I don’t remember the last time I sat around moping because it was Valentine’s Day. If I had to hazard a guess, I’d say it was probably the last time someone made me help pick out flowers or a present for someone else and said something like, “Now which do you like best? If it were you getting this, what would you want?” because you know it’s got that underlying implication: “Wow, that sucks that no one is doing anything for you because no one loves you, but would you just mind pretending for a few minutes?” You know, basically rubbing salt in a wound (perhaps after peeling back most of your skin) before slowly dipping you into acid. BUT… even that hasn’t really happened in a while (the assistant shopper part… not the salt and acid thing).
Last week I was sitting at my computer. It was somewhere around 2 a.m., and I’d been looking at that stupid blinking cursor for about an hour, but I just couldn’t figure out what I was supposed to be writing. I was starting to get really tired and I asked myself, “Why does this have to be so hard sometimes?” Even as I asked it, I knew the answer. Nothing worth having is ever easy and sometimes it takes a LONG time. And then, in a feat of meta-awesomeness, I directed my thoughts at my own brain.
“And you. Why do you pull me in with all of these great ideas and make me feel like I’ve got something to work with before inexplicably turning on me and making me feel like I can’t do anything to please you?”
This went on for a little while longer whilst I wrote absolutely nothing. Just before I fell asleep, I scribbled “writing is a relationship” on a Post-It note and left it next to my computer. I fell asleep wondering what people would do if I changed my Facebook relationship status to say that I’m “in a relationship and it’s complicated.” They’d obviously ask, “With whom?” …because they all use proper grammar. “With writing,” I’d reply. Naturally, they would all assume that I’d really lost it this time. Even more so than when I created a Facebook account for my dogs.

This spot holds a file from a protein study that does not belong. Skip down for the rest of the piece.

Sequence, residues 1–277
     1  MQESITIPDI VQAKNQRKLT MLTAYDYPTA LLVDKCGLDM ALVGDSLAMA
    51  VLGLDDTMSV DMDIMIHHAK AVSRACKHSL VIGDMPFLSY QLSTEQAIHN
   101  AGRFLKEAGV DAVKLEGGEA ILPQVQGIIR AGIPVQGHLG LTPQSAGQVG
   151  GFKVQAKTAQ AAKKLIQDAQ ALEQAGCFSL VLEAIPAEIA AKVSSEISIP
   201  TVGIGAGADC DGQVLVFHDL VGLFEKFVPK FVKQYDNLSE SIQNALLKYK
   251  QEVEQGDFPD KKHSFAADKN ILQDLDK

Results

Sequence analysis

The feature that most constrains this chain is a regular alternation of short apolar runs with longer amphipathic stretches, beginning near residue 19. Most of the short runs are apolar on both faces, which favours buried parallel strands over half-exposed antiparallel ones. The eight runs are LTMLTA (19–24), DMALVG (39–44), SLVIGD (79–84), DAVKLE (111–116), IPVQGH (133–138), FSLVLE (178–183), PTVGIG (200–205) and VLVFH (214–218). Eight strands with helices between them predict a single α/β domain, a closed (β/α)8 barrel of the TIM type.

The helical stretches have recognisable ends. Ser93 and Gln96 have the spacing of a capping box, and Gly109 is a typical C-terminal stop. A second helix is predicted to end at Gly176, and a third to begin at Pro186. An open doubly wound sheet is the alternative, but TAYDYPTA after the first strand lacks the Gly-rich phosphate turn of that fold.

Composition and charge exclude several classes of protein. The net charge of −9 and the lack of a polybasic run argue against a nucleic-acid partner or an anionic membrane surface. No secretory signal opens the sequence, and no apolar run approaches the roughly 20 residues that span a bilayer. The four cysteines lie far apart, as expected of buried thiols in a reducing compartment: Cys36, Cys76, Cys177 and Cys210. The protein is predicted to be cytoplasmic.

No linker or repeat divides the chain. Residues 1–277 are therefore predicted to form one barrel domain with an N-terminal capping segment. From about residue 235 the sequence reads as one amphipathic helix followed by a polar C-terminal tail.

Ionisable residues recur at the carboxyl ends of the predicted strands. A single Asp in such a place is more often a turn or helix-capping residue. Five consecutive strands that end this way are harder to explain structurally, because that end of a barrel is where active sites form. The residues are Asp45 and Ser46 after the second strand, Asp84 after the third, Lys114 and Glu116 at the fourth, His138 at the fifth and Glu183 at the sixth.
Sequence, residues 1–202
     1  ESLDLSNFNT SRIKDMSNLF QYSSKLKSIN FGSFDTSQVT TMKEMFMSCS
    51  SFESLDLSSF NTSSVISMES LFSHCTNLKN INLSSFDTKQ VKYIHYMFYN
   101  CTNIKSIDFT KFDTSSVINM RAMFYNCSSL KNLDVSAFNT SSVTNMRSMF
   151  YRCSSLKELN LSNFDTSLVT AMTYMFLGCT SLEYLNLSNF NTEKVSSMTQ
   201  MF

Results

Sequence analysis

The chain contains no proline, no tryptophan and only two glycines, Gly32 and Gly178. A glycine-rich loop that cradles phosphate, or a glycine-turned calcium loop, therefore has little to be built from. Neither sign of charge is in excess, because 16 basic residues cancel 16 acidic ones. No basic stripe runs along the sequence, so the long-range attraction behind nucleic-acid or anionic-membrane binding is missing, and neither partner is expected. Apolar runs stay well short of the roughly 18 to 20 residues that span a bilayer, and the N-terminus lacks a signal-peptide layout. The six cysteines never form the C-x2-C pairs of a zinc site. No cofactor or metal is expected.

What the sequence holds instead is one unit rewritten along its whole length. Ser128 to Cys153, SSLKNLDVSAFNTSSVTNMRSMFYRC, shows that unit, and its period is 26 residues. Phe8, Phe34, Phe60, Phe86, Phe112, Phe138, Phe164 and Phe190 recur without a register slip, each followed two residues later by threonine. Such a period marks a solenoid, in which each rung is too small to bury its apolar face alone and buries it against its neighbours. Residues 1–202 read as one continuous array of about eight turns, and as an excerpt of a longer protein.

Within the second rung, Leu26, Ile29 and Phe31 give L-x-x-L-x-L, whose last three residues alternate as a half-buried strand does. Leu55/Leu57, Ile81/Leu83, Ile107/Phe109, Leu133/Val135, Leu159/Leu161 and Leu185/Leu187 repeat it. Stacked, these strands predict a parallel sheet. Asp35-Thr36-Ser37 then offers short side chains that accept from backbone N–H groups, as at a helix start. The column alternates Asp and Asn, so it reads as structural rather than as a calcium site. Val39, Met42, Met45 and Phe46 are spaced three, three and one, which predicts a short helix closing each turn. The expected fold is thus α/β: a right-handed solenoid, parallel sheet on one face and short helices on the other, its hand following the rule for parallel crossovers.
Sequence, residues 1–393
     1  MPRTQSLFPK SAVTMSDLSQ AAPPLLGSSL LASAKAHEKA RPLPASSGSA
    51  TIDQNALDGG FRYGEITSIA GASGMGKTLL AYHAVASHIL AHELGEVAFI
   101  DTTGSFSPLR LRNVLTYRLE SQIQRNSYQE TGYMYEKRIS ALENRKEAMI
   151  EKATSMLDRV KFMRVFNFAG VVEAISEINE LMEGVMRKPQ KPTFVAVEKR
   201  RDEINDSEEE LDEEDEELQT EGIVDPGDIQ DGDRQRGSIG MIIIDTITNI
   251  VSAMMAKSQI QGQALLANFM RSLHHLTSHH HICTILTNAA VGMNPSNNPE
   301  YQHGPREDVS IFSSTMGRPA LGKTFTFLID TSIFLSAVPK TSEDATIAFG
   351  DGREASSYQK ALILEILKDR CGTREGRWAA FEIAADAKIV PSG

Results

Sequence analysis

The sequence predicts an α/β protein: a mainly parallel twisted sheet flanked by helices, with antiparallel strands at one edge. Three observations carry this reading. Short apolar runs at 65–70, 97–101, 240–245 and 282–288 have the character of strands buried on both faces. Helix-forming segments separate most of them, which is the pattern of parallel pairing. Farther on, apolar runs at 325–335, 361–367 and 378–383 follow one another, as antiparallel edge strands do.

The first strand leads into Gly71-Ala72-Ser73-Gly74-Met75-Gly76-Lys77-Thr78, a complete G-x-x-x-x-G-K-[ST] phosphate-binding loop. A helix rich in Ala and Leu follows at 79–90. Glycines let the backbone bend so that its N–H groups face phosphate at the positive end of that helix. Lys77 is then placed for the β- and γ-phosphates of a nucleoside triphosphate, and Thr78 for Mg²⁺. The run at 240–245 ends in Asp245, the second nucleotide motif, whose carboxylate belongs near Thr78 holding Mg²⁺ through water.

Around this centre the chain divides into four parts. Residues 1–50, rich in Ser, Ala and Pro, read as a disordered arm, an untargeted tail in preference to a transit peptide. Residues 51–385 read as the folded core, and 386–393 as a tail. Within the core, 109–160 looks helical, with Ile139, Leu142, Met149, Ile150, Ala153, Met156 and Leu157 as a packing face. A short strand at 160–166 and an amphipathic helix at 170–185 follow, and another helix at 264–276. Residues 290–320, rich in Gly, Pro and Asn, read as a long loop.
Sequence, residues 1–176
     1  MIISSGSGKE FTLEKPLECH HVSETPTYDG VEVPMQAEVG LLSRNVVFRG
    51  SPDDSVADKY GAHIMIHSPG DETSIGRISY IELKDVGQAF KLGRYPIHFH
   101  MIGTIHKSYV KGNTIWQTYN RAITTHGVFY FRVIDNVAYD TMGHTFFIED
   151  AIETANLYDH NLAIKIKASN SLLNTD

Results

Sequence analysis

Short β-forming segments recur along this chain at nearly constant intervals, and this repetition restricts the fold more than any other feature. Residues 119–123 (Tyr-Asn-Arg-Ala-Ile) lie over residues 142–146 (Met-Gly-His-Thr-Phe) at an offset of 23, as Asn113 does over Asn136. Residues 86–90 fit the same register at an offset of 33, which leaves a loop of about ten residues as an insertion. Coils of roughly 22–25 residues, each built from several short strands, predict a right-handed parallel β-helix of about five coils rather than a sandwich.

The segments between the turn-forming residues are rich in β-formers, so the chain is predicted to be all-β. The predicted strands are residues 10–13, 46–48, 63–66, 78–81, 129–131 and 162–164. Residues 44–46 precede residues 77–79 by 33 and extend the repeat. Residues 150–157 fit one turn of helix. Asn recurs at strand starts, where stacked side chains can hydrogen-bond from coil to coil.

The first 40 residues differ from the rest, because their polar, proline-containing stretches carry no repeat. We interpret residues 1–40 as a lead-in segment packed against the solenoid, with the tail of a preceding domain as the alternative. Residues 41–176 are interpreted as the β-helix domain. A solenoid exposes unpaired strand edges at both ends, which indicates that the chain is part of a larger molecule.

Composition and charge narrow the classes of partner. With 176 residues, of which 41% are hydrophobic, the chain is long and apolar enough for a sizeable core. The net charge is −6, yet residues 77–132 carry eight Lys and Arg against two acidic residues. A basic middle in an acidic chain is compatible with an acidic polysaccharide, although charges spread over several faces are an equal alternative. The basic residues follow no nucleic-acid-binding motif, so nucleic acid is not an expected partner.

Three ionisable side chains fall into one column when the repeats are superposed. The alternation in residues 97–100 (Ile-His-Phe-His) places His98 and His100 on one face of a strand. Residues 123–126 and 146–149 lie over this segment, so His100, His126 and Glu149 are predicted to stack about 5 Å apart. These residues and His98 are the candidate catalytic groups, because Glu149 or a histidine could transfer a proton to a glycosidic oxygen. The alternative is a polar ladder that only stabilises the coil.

But in a way — many ways, really — it’s true. In the past few weeks, I’ve spent ridiculous amounts of time with my writing. We laugh, we cry, we fight, and then we smooth things out and keep going.
And really, it’s kind of been one of those great love stories over which people who are way girlier than I am go berserk. Or maybe it’s just kind of creepy. Lucky for you, kind of creepy is more my style. And a-go!
We met a long time ago and were “just friends” for a while (you know the “just” … it’s full of peeled skin, salt, and acid). I really wanted to pursue it and find out what happened, but my writing was like, “You’re still pretty young. I’m not sure you’re ready for this kind of commitment. I just don’t think we’re at the same place in life right now.”
“I think you’re crazy,” I replied. “This is a great idea.”
“You’re only nine. You still think Saturday morning cartoons and Sweet Valley High books are a great idea. I’m sorry, but I don’t think so. I hope we can still be friends.”
Extract all teeth. Empty a salt shaker into the open sockets. Ouch. AND you look ridiculous now.
(Important Aside: In case you’re wondering, yes. I read the SVH series when I was 9. Do not judge my parents for this. They bought me the Sweet Valley middle school series books, which I started reading in kindergarten. I can’t imagine what my teachers thought. I checked the SVH books out of the library until about 4th or 5th grade. Then I just bought them.)
Anyway, we stayed friends, but it got weird for a while. A few years later, though, things seemed to be getting better again.
“Things are different now,” I told Writing.
“We shall see,” Writing answered.
We took it slowly, but for most of sixth grade, we were absolutely inseparable. I can’t really speak for Writing, but I liked the attention we were getting as a single entity.